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Cambridge General Certificate of Education Ordinary Level
7010 Computer Studies November 2014
Principal Examiner Report for Teachers

COMPUTER STUDIES
Paper 7010/12
Written paper

General comments
The standard of candidates’ work was an improvement on last year in many areas. There is a continued
move to provide questions where candidates have to apply their knowledge rather than just show their ability
to simply remember facts. There is strong evidence that this is producing candidates who are now exhibiting
a far better understanding of many of the topics than in past examination papers.
Candidates and Centres are reminded that written papers are now scanned in and marked on computer
screens by Examiners. Consequently, if a candidate writes the answer to a question on an additional page
they must indicate very clearly to the Examiner where their revised answer is to be found. Also if answers
have been crossed out, the new answers must be written very clearly so that Examiners can easily read the
text and award candidates the appropriate mark.
Comments on specific questions
Question 1
Candidates needed to be better prepared for this question. There appeared to be some confusion with
documentation and expert systems by many candidates. Those that identified the features of operating
systems most commonly chose file management, error handling and interrupt handling.
Question 2
(a)

Many candidates gained three marks by identifying unemployment, deskilling and training as
possible impacts. Some candidates needed to expand on these answers to show why these
changes had occurred in a number of employment areas.

(b)

Many answers here were very imprecise: “it can lead to eye problems”, “it can cause wrist
problems” or “you can get a headache by staring at a computer”. Candidates needed to provide
more detailed responses to gain credit.

Question 3
This question was very well answered with the full range of marks (from 0 to 5) being seen. The most
common errors were to confuse phishing and pharming, and to confuse hacking and viruses.
Question 4
In general, this was well answered with most candidates making some attempt. The most common errors
were:
statement 1
statement 4
statement 5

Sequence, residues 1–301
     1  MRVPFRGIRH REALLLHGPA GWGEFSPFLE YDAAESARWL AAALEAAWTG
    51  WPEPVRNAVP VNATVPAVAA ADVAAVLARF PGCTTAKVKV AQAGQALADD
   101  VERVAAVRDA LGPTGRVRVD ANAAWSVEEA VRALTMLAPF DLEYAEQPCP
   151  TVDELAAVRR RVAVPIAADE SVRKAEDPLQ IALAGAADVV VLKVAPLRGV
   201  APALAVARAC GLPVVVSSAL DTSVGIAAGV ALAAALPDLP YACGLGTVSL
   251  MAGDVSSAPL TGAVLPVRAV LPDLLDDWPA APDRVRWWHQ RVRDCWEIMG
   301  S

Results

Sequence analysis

statement 6



missing the fact that the count started at 1, so the loop will only operate 4 times and not 5
CDs and DVDs only have 1 spiral track; various answers were given here
since 2 Mbits/second = 0.25 Mbytes/second, a 75 Mbyte file will take 300 seconds to
upload (in other words, 5 minutes); various answers were offered by candidates
many candidates read the word byte and assumed that the answer had to be 8 (instead
of the correct answer of 10)

© 2014

Cambridge General Certificate of Education Ordinary Level
7010 Computer Studies November 2014
Principal Examiner Report for Teachers
Question 5
(a)

Candidates needed to improve their understanding of this question as they appeared to confuse
the two words “False” and “True”.

(b)

A large number of candidates correctly suggested that the sat nav maps might be out of date.
However, a small number suggested, incorrectly, that the satellite was out of date. Some imprecise
answers, such as “the information input was wrong” (instead of start point and/or end point
incorrectly entered) were very common and not creditworthy.

Question 6
(a)

Candidates needed to develop their understanding of this question. Candidates needed to indicate
the line where an error had occurred and suggest how to correct it. Of the 5 errors in the algorithm,
the error at line 50 was the least identified by candidates.

(b)

A small number of the better candidates correctly realised that division by zero would cause an
error to be generated. Very few, however, suggested a valid way of trapping the error, such as IF
number = 0 THEN k=0 ELSE k=x/number. A significant number suggested that because k was a
ratio then it would cause an error, clearly indicating that the word “ratio” was not well known.

Question 7
(a)